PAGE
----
“Lord, teach us to pray…” - Luke 11:1
It seems like a simple request for Our Lord to teach someone how to pray, and yet it becomes complex in our broken
lives. Unfortunately, we are not simple people. But the Lord is patient and offers His disciples a beautiful answer, “When
you pray, say:
Father, hallowed be your name,
Your kingdom come.
Give us each day our daily bread
And forgive us our sins as we ourselves forgive everyone in debt to us,
And do not subject us to the final test.”
He goes on to other lessons on prayer, but it begins here with the best known Christian prayer, the one Jesus gave us. We ought to know
it well and pray it often. In the early Church, Christians considered it an obligation to pray the Our Father at least three times a day.
If we only did just this, we would soon feel a drawing to pray more. The Scriptures invite us to “Taste and see how good the Lord is.” This
drawing to pray more, to know the Lord better, brings with it questions. As my beloved grandmother once said when asked who she thought
God is, “God is mystery.” In my ignorance at the time I thought I knew Him better than that. “Mystery” sounded too vague for a God who reveals
Himself to us. But as one grows in the spiritual life, one thing He reveals is His depths. God’s infinite Being becomes unfathomable and ineffable.
One could be overwhelmed.
It’s times like this when a person may feel a need for spiritual guidance. And so, many people seek information about the life of prayer. I
wish I had time to do this every day, all day long. It is a joy to help a person seek the action of the Holy Spirit in his or her life. And it’s an
impossible task for any one person in a large parish like ours. In discernment with a small core team, we sought to find a solution to this and
developed a new ministry called Spiritual Companions. With the expertise of Tim Malone and the help of Marijean Heutmaker and Diane
Cooper, we are launching this valuable help to the mission of the Church this weekend, January 22nd and 23rd.
The Twelve Companions (remind you of anything?) have been trained in the basic principles articulated by St. Ignatius of Loyola for
discernment of spirits and other methods of prayer. They have also received excellent listening skills and continue through ongoing formation
to shape their ability to relate with others. Each of them was screened for aptitude, and they have succeeded in completing this initial class over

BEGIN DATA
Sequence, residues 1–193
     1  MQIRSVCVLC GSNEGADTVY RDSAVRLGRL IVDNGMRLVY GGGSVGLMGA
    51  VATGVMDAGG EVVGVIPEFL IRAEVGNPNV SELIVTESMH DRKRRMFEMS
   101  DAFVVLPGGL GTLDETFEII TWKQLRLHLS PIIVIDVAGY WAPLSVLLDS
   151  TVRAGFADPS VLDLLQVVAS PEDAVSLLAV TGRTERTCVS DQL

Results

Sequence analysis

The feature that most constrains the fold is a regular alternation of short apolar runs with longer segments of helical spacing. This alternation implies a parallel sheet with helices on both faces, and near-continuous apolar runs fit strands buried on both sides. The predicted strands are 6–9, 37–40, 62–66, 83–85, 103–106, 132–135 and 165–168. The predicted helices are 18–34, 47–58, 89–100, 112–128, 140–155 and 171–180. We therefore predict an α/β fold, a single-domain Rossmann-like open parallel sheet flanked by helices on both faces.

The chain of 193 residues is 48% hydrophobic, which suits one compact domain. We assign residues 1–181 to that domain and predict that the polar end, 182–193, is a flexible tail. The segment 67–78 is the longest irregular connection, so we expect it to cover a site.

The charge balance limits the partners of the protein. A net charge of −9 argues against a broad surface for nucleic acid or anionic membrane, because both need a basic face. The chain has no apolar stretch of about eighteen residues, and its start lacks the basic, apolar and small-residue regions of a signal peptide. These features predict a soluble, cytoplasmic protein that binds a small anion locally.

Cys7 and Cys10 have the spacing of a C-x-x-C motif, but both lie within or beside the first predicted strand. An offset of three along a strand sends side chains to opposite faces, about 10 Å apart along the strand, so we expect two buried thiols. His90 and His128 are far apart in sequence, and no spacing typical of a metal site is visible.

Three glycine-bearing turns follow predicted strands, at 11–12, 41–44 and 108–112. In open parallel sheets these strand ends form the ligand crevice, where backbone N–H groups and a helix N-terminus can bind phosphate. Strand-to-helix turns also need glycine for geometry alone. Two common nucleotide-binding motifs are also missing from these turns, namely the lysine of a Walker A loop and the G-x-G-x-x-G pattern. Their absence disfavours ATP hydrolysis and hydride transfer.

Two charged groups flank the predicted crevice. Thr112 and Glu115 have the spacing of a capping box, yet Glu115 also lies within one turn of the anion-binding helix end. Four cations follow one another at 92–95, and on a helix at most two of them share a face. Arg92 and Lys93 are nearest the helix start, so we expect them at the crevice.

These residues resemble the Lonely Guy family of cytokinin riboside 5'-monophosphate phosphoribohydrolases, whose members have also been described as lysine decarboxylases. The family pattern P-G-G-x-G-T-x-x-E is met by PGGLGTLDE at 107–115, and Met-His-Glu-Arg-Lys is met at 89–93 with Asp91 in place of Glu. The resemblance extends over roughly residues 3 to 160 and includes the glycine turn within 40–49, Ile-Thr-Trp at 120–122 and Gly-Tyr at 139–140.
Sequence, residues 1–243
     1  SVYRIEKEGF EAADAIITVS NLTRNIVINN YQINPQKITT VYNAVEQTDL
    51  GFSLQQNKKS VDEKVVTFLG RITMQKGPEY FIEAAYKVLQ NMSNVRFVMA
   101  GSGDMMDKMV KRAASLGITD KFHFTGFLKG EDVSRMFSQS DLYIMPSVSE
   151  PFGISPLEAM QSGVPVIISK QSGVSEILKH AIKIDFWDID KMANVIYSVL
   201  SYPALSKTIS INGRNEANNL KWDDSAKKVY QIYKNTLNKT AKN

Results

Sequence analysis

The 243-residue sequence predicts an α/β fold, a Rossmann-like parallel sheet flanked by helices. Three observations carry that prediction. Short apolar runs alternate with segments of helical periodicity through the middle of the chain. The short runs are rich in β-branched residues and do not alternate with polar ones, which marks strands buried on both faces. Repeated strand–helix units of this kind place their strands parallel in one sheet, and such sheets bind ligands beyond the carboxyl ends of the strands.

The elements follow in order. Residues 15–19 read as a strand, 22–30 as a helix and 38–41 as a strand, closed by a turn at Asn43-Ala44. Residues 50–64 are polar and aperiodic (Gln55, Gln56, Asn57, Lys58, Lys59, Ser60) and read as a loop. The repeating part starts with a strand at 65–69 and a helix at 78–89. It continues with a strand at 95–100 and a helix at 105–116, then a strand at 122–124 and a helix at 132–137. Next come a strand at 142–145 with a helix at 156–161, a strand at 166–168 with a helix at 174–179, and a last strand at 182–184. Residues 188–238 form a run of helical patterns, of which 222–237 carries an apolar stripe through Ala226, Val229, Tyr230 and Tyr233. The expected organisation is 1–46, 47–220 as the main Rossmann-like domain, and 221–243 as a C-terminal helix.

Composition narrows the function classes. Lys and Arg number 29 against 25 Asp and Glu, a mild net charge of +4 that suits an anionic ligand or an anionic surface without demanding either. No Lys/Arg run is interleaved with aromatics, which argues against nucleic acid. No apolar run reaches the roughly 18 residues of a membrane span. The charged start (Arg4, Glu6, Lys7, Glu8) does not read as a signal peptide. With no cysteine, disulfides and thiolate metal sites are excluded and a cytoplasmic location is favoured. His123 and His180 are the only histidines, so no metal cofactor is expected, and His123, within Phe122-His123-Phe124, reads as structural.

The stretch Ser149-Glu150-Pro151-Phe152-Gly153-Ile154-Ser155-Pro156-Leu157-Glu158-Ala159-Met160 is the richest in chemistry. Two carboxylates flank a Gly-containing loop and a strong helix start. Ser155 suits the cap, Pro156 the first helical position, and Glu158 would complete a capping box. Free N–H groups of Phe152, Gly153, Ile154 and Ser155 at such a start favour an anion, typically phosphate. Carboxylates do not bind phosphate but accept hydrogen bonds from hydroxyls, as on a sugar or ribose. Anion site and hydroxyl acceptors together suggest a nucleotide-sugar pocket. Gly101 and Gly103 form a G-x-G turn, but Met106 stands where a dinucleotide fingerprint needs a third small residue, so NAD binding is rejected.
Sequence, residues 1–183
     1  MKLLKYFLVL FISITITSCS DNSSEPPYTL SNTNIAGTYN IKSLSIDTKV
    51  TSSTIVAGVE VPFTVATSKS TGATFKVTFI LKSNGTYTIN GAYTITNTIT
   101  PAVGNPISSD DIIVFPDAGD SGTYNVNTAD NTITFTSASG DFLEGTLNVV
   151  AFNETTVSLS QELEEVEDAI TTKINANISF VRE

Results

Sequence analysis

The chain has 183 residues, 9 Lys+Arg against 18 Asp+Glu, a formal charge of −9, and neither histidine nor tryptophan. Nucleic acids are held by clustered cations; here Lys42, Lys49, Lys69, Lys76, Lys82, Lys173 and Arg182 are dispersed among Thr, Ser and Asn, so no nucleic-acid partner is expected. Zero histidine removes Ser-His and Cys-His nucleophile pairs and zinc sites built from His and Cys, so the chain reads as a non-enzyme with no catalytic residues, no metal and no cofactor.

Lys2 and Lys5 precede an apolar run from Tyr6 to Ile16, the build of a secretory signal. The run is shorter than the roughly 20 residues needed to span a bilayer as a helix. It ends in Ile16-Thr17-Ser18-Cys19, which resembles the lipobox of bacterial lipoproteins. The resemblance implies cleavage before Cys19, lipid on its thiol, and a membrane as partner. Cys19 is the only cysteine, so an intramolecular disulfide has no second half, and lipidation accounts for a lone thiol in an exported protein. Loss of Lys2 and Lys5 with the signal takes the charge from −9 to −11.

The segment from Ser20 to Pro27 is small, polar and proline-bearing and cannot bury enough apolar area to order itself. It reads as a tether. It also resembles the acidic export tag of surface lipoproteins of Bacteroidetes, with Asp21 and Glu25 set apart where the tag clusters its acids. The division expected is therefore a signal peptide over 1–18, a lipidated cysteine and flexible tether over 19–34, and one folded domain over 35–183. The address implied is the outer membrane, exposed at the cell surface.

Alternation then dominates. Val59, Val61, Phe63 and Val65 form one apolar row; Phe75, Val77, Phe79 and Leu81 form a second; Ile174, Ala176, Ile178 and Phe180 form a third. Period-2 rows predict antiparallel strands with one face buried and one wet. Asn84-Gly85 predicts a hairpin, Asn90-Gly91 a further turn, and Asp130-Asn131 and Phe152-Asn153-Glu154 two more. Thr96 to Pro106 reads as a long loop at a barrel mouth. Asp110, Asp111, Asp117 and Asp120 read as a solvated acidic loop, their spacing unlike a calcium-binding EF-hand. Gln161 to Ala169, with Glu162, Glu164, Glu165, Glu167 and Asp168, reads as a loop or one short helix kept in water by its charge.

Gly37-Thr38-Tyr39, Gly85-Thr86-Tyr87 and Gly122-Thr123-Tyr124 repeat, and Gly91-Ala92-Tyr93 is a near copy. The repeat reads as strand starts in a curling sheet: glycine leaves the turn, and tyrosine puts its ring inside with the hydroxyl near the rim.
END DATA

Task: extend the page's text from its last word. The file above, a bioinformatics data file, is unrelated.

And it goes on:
the past year. They value their own spiritual journey and desire to share it with others.
These twelve adventurers in the spirit are trained to companion others on their journey. They aren’t spiritual directors or counselors, but
instead walk beside a person, sharing from their own experience and the richness of our spiritual tradition as Catholics. The disciples of
Emmaus give us a perfect image of how this ministry plans to function. You know the story; the two disciples are walking away from Jerusalem
wondering what had just happened. Their Jesus had been crucified and many of the disciples were terrified for their own lives. Now what? What
did their lives mean? Jesus comes alongside them, unrecognized, and asks what they were speaking about. “All that has happened in
Jerusalem over the past few days,” they respond. “What things?” Jesus asks.
Here is the crux of processing our prayer experience. ‘What things’ happen when you pray? We can try to process this alone, but it can help
immensely to share these ‘things’ with others. As the Body of Christ ,we bless, strengthen and encourage one another with God’s wisdom and
compassion. Sharing your prayer experience is a valuable way to bring the different members of Christ’s Body closer together.
Our Spiritual Companions at St. Stephen’s are available for one-on-one companioning or small group facilitation. We are hoping to have a
few small groups available for Lent this year. The format would include contemplative prayer based on the lectionary and sharing our experience
together. One doesn’t need to worry about sharing your feelings or personal concerns; one can share or not share. One doesn’t need to know
how to pray. We are all learners.
Please join me in commissioning these twelve founding members of St. Stephen’s Spiritual Companions. It promises to be an extraordinary
ministry of fruitfulness and growth in God’s love. One of our original core members, Leonard Lombardi, didn’t live long enough to see this come
to fruition, but his prayers and companionship continue in a more powerful way. Thank you, Lenny, for your gift of prayer and sacrifice for
Christ’s Church. We continue from the road to Emmaus on to the New Jerusalem together.
- ▼ 2011 (50)